Web Design Tip of the month — 1st steps

I often get requests for infor­ma­tion about set­ting up a new web­site. Many times the inquirer has come  to the point where they are ready to start site  devel­op­ment and they just have some gen­eral ques­tions about what they will need.    They  have a great prod­uct – ser­vice – idea – or story.   So, what is the next step?

The first thing any web site will need is a domain name.   Any domain name will do really but as a tip I would say shorter is bet­ter.  If not shorter than some­thing really easy to under­stand or remem­ber over a con­ver­sa­tion.   If you have to repeat it sev­eral times or start spelling it out that might be a bad sign for typ­i­cal mar­ket­ing pur­poses where they may just get a glance.   This is just a pref­er­ence as when I am speak­ing to some­one over the tele­phone about a domain its always nice to be able to get the domain name quickly.  It might also help if  you are giv­ing out your email address.  Just think of the future when you are out of busi­ness cards and are try­ing to tell some­one your domain.  Wouldn’t it be nice if it was just as easy as [email protected] .  Now you can move on.   Opposed to a sit­u­a­tion of some­thing like [email protected]     Long names like this are how­ever some­times rel­e­vant or impor­tant when con­sid­er­ing Search Engine Opti­miza­tion.  That’s a whole dif­fer­ent con­ver­sa­tion / arti­cle though.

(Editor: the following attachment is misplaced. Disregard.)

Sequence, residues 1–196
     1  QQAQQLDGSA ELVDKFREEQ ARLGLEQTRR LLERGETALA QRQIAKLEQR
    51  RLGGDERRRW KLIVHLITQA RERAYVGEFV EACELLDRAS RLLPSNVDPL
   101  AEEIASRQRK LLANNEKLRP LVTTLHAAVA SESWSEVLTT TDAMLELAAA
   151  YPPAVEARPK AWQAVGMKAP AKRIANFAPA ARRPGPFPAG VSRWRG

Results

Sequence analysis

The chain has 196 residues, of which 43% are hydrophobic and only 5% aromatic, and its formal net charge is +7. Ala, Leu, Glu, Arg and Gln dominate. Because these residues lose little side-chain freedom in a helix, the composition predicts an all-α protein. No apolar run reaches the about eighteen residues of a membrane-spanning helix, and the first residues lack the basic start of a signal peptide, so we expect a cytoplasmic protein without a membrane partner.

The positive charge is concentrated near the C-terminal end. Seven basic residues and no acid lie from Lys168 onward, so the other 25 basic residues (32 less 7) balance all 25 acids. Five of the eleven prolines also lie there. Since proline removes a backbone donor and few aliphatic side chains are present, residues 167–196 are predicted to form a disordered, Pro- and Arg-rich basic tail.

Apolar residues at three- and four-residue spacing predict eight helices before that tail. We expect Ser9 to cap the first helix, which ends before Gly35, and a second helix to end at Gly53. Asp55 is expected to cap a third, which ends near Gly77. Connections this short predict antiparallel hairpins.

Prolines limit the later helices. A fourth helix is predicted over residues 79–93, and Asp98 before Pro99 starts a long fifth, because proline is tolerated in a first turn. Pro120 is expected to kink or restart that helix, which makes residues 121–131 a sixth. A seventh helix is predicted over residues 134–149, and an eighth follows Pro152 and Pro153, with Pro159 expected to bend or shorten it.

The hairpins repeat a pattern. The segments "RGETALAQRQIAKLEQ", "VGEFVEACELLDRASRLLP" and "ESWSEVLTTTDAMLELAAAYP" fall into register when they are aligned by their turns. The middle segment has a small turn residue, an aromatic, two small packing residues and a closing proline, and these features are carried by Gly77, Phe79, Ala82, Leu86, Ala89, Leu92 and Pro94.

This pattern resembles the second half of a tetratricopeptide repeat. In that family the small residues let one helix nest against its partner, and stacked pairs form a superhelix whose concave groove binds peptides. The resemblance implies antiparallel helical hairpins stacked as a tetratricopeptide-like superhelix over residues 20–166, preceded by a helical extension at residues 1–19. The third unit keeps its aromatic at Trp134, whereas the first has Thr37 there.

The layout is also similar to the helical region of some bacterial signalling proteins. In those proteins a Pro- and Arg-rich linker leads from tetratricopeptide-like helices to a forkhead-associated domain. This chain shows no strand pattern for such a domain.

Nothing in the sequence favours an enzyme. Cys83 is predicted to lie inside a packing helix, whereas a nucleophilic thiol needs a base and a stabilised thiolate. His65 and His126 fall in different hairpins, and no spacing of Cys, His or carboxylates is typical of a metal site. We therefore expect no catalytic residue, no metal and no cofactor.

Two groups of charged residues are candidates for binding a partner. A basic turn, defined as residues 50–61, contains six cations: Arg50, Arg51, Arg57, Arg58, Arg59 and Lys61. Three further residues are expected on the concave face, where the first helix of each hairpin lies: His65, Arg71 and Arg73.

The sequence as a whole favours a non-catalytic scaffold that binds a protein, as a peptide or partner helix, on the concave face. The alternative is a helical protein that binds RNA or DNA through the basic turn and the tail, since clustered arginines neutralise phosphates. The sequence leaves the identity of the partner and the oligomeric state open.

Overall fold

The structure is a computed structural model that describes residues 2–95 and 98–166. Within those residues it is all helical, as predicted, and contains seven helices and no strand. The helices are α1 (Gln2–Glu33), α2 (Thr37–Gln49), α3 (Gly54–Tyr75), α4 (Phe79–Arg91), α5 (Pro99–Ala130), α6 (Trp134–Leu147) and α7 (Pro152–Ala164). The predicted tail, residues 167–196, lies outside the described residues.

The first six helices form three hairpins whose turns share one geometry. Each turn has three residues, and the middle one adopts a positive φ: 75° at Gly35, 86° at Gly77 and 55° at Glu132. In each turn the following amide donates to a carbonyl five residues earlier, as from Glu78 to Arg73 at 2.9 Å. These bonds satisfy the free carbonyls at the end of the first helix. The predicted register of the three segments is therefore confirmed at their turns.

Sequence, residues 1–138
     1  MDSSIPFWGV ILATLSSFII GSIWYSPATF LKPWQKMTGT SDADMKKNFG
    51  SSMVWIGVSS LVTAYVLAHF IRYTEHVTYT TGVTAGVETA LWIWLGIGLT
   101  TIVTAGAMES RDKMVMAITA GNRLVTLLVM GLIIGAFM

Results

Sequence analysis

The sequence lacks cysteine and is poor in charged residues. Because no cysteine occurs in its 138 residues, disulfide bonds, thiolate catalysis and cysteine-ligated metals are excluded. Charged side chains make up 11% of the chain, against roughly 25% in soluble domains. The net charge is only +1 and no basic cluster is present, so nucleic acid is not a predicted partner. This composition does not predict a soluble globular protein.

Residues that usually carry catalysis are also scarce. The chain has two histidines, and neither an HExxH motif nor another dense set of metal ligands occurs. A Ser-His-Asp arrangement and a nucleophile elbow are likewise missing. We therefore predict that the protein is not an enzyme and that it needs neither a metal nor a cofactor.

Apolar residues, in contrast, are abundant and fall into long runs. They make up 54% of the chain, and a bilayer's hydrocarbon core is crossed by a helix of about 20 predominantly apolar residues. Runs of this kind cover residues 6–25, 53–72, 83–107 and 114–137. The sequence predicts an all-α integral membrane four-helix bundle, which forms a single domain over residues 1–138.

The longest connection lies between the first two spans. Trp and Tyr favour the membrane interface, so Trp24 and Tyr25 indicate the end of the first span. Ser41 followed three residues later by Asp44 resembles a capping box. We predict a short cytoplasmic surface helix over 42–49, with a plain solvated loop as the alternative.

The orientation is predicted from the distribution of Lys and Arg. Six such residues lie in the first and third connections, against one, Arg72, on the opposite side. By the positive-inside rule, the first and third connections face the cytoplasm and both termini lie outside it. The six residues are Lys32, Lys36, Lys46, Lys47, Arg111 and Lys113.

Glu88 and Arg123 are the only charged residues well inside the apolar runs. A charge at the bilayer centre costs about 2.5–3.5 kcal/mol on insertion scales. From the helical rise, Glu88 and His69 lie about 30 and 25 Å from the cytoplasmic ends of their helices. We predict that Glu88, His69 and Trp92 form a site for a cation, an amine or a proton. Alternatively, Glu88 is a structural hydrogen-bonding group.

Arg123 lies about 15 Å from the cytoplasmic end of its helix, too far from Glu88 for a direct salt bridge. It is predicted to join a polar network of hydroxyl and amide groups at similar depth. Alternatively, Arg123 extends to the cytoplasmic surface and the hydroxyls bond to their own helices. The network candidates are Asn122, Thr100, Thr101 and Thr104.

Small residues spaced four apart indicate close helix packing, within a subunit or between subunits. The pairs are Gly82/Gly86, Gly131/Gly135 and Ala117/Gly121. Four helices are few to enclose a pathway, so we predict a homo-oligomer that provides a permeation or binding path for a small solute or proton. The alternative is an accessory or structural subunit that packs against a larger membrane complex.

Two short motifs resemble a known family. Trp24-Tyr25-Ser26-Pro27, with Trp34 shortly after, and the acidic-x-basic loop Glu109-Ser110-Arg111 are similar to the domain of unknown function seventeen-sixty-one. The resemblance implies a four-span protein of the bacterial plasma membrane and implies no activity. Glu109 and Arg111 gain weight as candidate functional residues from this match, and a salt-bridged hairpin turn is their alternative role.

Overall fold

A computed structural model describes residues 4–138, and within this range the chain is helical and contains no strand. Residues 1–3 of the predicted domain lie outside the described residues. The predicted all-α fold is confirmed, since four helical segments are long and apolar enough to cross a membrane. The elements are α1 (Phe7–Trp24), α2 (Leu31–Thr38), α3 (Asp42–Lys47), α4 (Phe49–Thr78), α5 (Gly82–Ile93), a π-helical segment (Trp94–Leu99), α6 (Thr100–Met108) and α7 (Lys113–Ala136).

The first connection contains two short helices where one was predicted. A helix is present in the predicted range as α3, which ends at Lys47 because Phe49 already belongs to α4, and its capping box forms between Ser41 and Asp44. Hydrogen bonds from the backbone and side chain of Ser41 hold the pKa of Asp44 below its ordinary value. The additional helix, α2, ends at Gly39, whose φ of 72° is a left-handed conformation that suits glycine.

Domains names are pur­chased on a yearly basis.  How much do domain names cost?   It seems the prices now aver­age $11 to $15 dol­lars for .com, .net, and .org. (as of 08-19-2010).  There are a lot of other exten­sions avail­able  like .info or .tv .  They have dif­fer­ent pric­ing struc­tures.  I tend to stay with the .com. .net  and .org  exten­sions when pos­si­ble.  I’m sure there are good rea­sons to go with a .info or .biz.  Like for exam­ple abc.com is gone, so maybe abc.biz is available.